Geico data breach opens door to unemployment scams

The scammers used personal information on Geico customers acquired elsewhere to access Geico’s sales system, the insurer said.

Over the course of six weeks earlier this year, fraudsters repeatedly stole driver’s license numbers from a database maintained by Geico. Now, the motor vehicle insurer is warning customers that the scammers could apply for unemployment benefits using the pilfered data.

“If you receive any mailings from your state’s unemployment agency/department, please review them carefully and contact that agency/department if there is any chance fraud is being committed,” Sheila King, a manager for data privacy at Geico, wrote in a breach notice letter posted to the website of California’s attorney general on April 15.

The perpetrators of the breach used personal information on Geico customers that they acquired elsewhere to access Geico’s sales system and steal the driver’s license numbers, according to King. Geico has taken “additional security enhancements” to guard against fraud on its website in light of the incident, King added.

It was unclear how many people were affected by the breach. Geico did not respond to multiple requests for comment.


Fraud has been a recurring issue during the coronavirus pandemic as states distribute billions of dollars through relief programs. A Nigerian crime network committed fraud against multiple state unemployment insurance programs, “with potential losses in the hundreds of millions of dollars,” independent journalist Brian Krebs reported last May, citing a Secret Service notice.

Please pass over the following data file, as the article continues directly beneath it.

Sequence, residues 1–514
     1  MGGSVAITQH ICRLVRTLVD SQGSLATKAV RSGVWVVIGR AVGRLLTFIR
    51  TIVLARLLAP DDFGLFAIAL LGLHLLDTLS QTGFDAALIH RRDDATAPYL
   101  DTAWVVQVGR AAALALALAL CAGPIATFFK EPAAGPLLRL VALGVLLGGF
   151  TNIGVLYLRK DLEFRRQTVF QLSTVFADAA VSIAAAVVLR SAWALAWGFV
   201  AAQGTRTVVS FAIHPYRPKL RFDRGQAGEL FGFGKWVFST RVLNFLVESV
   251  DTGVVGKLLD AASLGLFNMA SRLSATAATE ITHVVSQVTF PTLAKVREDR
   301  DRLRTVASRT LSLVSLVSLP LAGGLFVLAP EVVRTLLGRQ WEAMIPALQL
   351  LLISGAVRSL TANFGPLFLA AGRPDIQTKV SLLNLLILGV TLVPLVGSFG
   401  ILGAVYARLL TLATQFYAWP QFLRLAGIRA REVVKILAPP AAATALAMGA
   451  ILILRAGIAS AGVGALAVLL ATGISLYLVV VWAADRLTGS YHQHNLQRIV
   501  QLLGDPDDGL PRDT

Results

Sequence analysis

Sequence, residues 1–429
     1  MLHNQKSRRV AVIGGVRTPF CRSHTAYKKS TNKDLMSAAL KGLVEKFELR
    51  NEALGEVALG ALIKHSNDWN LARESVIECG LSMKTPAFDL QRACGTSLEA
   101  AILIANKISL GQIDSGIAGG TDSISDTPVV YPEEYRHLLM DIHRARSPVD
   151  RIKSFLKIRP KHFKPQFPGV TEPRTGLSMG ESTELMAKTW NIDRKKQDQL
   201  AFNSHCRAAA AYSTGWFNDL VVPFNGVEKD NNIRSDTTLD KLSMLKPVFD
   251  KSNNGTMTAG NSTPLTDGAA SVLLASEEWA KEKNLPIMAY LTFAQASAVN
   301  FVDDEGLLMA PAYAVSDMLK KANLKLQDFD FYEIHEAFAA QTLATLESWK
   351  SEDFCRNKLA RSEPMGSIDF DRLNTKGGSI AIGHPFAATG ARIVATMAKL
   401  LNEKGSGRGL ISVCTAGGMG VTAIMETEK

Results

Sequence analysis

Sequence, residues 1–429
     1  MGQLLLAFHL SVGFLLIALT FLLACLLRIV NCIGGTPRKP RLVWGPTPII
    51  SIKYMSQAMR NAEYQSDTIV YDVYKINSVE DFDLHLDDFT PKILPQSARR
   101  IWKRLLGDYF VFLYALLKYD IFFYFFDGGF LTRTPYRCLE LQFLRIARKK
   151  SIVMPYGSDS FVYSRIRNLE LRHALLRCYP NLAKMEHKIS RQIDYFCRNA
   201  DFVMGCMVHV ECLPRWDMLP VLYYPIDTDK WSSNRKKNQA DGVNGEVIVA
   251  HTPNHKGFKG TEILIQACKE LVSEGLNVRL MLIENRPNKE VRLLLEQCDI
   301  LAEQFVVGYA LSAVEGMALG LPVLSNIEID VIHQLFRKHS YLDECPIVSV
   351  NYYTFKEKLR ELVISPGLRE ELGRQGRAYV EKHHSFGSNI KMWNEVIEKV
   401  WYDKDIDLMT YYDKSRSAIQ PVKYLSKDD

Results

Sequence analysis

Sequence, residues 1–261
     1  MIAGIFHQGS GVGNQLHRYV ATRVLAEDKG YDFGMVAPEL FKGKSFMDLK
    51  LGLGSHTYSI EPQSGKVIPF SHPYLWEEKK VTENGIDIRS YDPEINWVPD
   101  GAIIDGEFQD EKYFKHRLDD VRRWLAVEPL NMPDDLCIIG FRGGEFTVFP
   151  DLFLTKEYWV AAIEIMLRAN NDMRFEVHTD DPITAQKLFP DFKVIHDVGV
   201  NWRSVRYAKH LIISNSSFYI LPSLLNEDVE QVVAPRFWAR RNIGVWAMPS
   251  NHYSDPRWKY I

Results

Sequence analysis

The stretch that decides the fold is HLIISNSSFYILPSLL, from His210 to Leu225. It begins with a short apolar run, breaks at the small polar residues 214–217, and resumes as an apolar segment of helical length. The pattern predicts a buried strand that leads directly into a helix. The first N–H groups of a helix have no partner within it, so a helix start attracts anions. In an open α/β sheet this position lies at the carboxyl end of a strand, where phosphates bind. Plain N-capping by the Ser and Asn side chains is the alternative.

The collection and sale of drivers’ personal data has itself been a source of privacy concerns. The California DMV alone has made $50 million a year from the sale of driver information to third parties, according to a report from Vice’s Motherboard.

Sean Lyngaas

Written by Sean Lyngaas

Sean Lyngaas is CyberScoop’s Senior Reporter covering the Department of Homeland Security and Congress. He was previously a freelance journalist in West Africa, where he covered everything from a presidential election in Ghana to military mutinies in Ivory Coast for The New York Times. Lyngaas’ reporting also has appeared in The Washington Post, The Economist and the BBC, among other outlets. His investigation of cybersecurity issues in the nuclear sector, backed by a grant from the Pulitzer Center on Crisis Reporting, won plaudits from industrial security experts. He was previously a reporter with Federal Computer Week and, before that, with Smart Grid Today. Sean earned a B.A. in public policy from Duke University and an M.A. in International Relations from The Fletcher School of Law and Diplomacy at Tufts University.

Latest Podcasts